video • Before watching the video.AN INSTRUCTOR’S GUIDE TO READ ALOUDS with the afterschool training toolkit INTROduction Getting Started Go to the Read Aloud practice found in the literacy section of the Afterschool Training Toolkit (www. html) and click on the video.org/afterschool/toolkits/literacy/pr_read_aloud. and after a read aloud to enhance literacy learning for your students. during. use the reflection guide on the following page to write down what you are currently doing before.sedl. note what the teacher on the video does during each of these phases of reading and add these techniques to your list. • As you observe the read-aloud session on the video. read aloud RESOURCES NWREL | National Partnership for Quality Afterschool Learning 11 . • Next. click on the video.

. During. . After Reading .LITERACY IN afterschool Reflection Guide: Strategies for Before. 12 www.org/afterschool . . During Reading . and After Read Aloud Before Reading . . . .sedl.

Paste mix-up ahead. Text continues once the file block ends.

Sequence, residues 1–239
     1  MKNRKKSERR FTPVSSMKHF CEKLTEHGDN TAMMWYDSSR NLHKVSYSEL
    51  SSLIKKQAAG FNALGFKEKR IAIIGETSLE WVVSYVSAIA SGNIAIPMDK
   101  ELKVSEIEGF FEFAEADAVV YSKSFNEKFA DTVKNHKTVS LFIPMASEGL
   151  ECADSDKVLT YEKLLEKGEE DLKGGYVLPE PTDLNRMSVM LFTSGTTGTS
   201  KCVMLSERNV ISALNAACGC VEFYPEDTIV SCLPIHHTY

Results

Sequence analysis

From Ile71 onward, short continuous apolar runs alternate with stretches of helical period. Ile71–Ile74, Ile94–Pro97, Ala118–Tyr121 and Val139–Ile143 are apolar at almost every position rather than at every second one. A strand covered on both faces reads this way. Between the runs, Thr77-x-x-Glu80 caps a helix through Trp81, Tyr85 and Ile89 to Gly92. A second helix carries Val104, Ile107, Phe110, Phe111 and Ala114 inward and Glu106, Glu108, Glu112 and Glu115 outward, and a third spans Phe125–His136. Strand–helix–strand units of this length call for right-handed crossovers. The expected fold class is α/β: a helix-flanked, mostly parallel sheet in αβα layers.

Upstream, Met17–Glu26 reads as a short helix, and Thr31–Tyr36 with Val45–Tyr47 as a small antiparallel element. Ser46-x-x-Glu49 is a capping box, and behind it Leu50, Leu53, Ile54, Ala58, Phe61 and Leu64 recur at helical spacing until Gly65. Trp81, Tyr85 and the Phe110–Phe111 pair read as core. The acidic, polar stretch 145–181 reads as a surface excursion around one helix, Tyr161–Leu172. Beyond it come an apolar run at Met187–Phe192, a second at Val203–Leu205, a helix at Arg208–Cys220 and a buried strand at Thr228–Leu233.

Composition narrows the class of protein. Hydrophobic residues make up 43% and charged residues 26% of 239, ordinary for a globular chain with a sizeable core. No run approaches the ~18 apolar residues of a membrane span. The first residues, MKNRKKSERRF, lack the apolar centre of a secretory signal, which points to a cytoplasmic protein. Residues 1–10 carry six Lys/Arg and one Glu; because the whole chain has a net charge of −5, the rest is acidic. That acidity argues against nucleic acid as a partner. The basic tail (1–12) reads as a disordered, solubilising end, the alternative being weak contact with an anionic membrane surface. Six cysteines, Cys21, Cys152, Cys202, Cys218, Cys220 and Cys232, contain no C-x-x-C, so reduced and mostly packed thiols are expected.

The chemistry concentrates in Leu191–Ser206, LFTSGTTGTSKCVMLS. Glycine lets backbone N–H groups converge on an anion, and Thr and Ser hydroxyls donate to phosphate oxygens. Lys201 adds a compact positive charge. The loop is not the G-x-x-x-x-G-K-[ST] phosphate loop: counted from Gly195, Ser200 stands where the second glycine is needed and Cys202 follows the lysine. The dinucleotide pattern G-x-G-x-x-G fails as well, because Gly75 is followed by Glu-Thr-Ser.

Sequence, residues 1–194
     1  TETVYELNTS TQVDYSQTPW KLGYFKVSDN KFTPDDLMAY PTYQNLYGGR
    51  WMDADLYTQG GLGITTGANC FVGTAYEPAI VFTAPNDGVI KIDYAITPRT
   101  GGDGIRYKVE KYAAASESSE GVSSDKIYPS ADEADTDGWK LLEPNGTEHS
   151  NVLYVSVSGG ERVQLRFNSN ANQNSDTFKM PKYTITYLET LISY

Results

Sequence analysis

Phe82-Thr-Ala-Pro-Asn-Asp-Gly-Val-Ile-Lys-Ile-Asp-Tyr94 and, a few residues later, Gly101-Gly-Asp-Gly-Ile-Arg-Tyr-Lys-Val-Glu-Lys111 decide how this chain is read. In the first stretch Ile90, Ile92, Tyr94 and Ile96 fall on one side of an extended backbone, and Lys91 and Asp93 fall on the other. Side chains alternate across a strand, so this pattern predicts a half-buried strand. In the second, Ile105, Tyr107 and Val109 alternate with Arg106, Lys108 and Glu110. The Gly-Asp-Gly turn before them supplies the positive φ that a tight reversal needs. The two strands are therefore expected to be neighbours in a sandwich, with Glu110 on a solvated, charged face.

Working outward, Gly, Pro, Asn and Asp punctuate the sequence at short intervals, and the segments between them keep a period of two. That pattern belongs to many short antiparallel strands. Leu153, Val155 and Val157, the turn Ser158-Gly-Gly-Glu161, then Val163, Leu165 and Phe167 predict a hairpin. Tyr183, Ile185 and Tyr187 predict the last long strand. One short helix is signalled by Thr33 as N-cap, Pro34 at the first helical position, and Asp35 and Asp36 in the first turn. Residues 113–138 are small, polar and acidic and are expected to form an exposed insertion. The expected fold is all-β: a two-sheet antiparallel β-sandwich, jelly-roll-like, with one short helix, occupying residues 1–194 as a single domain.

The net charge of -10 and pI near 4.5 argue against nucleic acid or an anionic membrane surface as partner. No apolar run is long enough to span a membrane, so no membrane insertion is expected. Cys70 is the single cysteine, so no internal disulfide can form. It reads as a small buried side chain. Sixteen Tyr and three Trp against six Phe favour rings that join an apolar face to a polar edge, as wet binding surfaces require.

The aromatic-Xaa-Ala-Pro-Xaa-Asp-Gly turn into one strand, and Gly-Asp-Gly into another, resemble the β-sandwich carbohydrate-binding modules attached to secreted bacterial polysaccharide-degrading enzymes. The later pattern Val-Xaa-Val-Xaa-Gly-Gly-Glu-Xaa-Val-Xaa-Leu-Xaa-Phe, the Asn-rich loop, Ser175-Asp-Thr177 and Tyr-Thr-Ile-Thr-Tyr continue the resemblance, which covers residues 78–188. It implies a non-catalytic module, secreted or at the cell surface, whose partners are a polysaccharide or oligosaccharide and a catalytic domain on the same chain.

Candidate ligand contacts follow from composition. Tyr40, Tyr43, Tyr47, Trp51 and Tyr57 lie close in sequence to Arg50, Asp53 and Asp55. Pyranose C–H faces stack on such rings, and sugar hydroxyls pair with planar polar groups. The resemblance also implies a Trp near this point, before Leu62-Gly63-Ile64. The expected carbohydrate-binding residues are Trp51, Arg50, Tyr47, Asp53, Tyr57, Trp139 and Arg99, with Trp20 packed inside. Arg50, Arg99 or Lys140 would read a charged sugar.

and presentation of the text Identify and describe mental pictures and images that occur to the reader as the text is read Apply growing knowledge of author and content to predict story developments or upcoming content Combine analysis of the text with what you know of the world to form educated guesses about meaning Wonder about text—what’s the purpose. and pictures. and what remains to be learned? Identify points of confusion about the text and analyze why they occur Apply fix-up strategies for areas of confusion so that reading can continue Questions Questions that promote this thinking strategy What has happened in your life that is like this story? What have you read about or seen that relates to this topic? Based on the title. and style Predict characteristics and content of a book based on a review of formats—organization. what’s missing. making connections with text content.AN INSTRUCTOR’S GUIDE TO READ ALOUDS with the afterschool training toolkit INTROduction Comprehension Guide for Read Aloud Conversations Thinking Strategy Mental process that good readers use Activate prior knowledge Description What the mental process entails Recall previous experience and knowledge. based on how they’re acting? How will information in this graph influence public choices? What questions do you have about what’s coming up in the story? Does the chart on this page make you wonder about anything? Where did you lose track of what’s happening in the story? Are there terms/ideas you don’t understand on this page? Can you reread that passage and look for clues about what’s confusing you? What words do you need to know more about to move on? Can you summarize the main points of this passage in a few sentences? How are the main characters in each story the same? How are they different? Make inferences Generate questions Monitor understanding Fix confusion RESOURCES Synthesize content Identify main ideas. identify contrasts. charts. why this detail. what do you think this book is about? Can you predict what will be in each section? What pictures and images pop into your head? Can you imagine what the scene/person/item looks like? Analyze formats Visualize read aloud Form predictions What clues hint at what will happen next? Based on the information we’ve read. summarize content. what else will the author(s) discuss? What is the characters’ relationship. graphics. meaning. and make comparisons NWREL | National Partnership for Quality Afterschool Learning 13 . cover. table of contents. tables. headings.